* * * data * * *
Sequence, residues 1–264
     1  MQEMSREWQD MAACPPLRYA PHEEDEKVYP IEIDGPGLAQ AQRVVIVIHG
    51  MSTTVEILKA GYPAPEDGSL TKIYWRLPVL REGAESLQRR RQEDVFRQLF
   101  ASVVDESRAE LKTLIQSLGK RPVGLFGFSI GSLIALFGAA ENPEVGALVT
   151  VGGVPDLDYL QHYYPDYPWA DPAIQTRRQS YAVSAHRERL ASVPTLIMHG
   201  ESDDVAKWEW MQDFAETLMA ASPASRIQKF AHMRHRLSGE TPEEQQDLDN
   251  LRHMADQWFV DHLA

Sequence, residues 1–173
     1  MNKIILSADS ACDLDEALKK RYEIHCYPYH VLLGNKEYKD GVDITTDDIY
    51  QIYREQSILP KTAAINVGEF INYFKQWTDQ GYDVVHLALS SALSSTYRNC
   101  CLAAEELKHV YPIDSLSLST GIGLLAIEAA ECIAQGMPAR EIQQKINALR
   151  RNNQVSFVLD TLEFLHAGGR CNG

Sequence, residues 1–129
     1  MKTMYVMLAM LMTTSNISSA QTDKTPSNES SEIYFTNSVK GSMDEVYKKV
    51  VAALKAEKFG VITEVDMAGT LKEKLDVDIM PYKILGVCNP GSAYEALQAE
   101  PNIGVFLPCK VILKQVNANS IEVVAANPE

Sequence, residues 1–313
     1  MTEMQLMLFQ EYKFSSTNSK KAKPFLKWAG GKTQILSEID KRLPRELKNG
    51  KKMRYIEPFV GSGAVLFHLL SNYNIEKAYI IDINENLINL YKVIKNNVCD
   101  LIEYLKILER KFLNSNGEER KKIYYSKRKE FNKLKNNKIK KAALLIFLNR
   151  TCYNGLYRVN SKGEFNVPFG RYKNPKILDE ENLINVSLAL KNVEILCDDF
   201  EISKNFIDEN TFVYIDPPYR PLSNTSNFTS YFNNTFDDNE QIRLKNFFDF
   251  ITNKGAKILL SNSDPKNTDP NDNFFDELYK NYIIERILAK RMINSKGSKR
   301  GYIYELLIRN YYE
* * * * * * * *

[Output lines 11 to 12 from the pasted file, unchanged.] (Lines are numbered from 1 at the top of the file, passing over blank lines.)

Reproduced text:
   101  CLAAEELKHV YPIDSLSLST GIGLLAIEAA ECIAQGMPAR EIQQKINALR
   151  RNNQVSFVLD TLEFLHAGGR CNG